Monday, February 21, 2011

The Art of Equipping a Kitchen

Rob and I decided not to rent a moving truck, or even get a roof rack when we moved, instead we crammed what we could inside of our Chevy Malibu and sold everything else.  We had some boxes of clothes and other light things mailed to us once we were settled, but for the most part we pared down to the bare essentials.  Being who I am about 50% of what was in the car came out of the kitchen:  the wine and martini glasses I did not trust to ship, the All Clad cookware that I loved too much to let out of my sight, the hefty cast iron Staub pot, my grandmothers china, and the list goes on.  We had gotten married less then a year before our move and our families and friends had generously updated our kitchen arsenal to items that may very well last the rest of our lives, so there was no way we were leaving any of it behind. 

Our moving sales were pretty incredible, the type I am always on the hunt for yet rarely find.  How we had fit all of that in our tiny apartment I have no idea, but it sure did help pay some of our moving costs.  For all of the kitchenware that we kept we also sold a lot, and for the most part I don’t miss any of it.  I think of certain items from time to time, why I got rid of the avocado slicer when I was moving to avocado territory I don’t know, it’s not like it would have taken up much room.  Other things I find myself looking for, digging through drawers having forgotten that I no longer own them.  The rest: the ice cream maker that  I never used, the bread maker that I used when I first got it and then forgot about, the mini Staub pots that I loved because they were adorable yet never once used, had to be left behind to support the (moving) cause, and I don’t find myself missing them.  Having to sell off a good chunk of my book collection was a whole other matter, and one that I am quite scarred by.

If you read my post "Foodie Thrift Store Find (of the Year?!)" you know that I am a thrifter, I love going to thrift stores, and garage sales finding the perfect things for very little money.  It is one of the reasons that I have such a fun kitchen arsenal.  If you are a thrifter you know that you see certain kitchen items everywhere you go: the bread machine and ice cream maker noted above, both found brand new at thrift stores and sold by me still brand new, are two of the most common.  When you start seeing them that much you know odds are you will probably never use them either, a lesson I am still learning.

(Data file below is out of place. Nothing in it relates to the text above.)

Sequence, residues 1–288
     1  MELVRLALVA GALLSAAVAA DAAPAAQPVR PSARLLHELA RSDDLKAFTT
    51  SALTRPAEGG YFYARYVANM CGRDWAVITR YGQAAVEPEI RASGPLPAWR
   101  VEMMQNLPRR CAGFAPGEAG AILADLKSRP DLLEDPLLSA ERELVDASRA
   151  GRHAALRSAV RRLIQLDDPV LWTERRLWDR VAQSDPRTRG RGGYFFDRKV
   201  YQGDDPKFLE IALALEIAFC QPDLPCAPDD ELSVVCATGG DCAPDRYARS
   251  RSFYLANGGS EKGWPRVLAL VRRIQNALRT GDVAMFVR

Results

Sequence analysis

All foodies have a kitchen wish list, often changing depending on what kind of food faze they are going through.  I have started to notice that if I am patient I will almost always find the things on my list at thrift stores or garage sales.  Rob and I just got our first juicer which we are really excited about, found at our local thrift town (never used) for $10.00.  Last month I found a yogurt maker for $4.00 still shiny and new but missing one lid.  Being a soup lover I have had an immersion blender on my list for quite a while but it never seemed to make it to the top, that is until I found one at a thrift store for $2.00, the fact that it was hanging with the curling irons really worked in my favor.  I am still bitter about the $75.00 Kitchenaid mixer with all the attachments that I didn’t have the money to buy last fall, and I know it is one of those things that will stay with me for a very long time.  You don’t let a Kitchenaid mixer pass you by!

For many, kitchen items are a fad or a passing fancy, they buy them because they are popular or they have these big ideas of how they are going to change their diets, and then they sit around in a cabinet until someone thinks to donate them.  There I await, ready to use them but never willing or able to pay full price.  So I am grateful to all the magazines and cooking shows that convince non-cooks to purchase all the fancy cooking tools that they will never use, and I am even more grateful to those non-cooks who have the sense and courtesy to donate these items.  Now if someone would just donate a food-dehydrator (preferably this one) I would be all set!

If you are so inclined check out:

Alton Browns Gear for Your Kitchen by Alton Brown

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In the Hands of a Chef: the professional chef's guide to essential kitchen tools by The Culinary Institute of America

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Cook's Tools: the complete manual of kitchen implements and ow to use them by Susan Campbell

Warmans Kitschy Kitchen Collectibles Field Guide by Brian Alexander

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